P. David Hornik
21 September '10
Last week another chapter of Israeli-Palestinian “peace talks” began. It hasn’t gone very far yet, and it still could all break down. But for those who see a sovereign Palestinian state in the West Bank and Gaza as an intolerable security threat to Israel, it’s enough to induce unease.
Imagine cutting two chunks out of New Jersey, adding up to almost one-fourth of its land mass, and setting up a deeply hostile statelet in them with a population nurtured in hatred for generations. Rocket firings, sniper fire, and terror incursions are some of the problems that spring to mind. Not to mention—particularly since this “New Jersey” is in the Middle East—alliances with enemy countries, which could include inviting such countries’ armies into its territory. Collusions involving sabotage or even WMD attacks are not at all far-fetched.
True, there has always been talk of the Palestinian state being “demilitarized.” But with current, purportedly moderate Palestinian leader Mahmoud Abbas having said he wouldn’t tolerate the presence of a single Jew—civilian or soldier—in his state, that would leave only (presumably Jew-free) international forces to monitor the supposed demilitarization.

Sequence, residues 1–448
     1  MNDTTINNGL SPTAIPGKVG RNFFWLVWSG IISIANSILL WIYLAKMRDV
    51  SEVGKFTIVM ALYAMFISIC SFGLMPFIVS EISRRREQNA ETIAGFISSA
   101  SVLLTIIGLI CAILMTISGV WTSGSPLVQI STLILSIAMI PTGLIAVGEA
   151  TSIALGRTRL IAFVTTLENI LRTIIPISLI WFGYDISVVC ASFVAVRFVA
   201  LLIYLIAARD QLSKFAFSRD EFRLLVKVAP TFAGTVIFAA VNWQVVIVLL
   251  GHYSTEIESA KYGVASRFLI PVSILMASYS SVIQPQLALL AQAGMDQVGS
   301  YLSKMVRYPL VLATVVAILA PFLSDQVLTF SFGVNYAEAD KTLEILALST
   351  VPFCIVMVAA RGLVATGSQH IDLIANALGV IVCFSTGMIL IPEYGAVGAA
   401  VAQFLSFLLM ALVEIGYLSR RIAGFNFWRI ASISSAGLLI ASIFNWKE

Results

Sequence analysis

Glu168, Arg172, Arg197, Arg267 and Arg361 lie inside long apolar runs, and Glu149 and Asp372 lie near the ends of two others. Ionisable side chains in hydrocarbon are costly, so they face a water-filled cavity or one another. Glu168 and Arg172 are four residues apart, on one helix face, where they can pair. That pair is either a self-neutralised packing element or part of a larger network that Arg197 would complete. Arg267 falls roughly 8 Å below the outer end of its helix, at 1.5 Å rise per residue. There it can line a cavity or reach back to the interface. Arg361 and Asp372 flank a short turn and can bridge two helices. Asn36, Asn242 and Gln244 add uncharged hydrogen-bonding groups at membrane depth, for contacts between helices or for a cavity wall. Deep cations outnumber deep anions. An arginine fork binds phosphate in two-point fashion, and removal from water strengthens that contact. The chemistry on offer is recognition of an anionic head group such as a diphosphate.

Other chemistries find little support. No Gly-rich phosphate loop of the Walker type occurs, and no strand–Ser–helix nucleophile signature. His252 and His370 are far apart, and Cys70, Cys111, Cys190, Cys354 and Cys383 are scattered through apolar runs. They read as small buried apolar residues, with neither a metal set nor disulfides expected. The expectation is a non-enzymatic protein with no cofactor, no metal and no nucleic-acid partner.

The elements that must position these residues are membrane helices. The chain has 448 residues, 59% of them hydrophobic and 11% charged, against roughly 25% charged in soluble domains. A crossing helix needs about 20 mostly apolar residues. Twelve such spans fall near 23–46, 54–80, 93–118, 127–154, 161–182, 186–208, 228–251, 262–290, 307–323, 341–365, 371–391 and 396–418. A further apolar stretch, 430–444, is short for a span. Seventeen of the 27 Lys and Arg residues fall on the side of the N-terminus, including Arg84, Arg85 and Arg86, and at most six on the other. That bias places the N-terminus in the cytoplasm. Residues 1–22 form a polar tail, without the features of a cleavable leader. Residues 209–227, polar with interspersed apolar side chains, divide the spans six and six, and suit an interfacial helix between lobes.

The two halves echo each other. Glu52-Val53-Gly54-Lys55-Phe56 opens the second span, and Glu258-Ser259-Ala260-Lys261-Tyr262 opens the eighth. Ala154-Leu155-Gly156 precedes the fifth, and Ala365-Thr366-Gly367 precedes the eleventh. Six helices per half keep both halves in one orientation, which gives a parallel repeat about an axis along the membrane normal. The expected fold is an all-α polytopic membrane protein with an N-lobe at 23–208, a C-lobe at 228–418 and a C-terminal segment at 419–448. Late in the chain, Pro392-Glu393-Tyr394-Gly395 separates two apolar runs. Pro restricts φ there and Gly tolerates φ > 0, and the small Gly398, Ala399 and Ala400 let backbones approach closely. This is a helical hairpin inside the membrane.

Israel, however, has had a long and negative history with international “peacekeepers.” The latest egregious example is the complete failure of the enlarged UNIFIL force in southern Lebanon to prevent Hezbollah from rearming itself with tens of thousands of missiles since the 2006 war.
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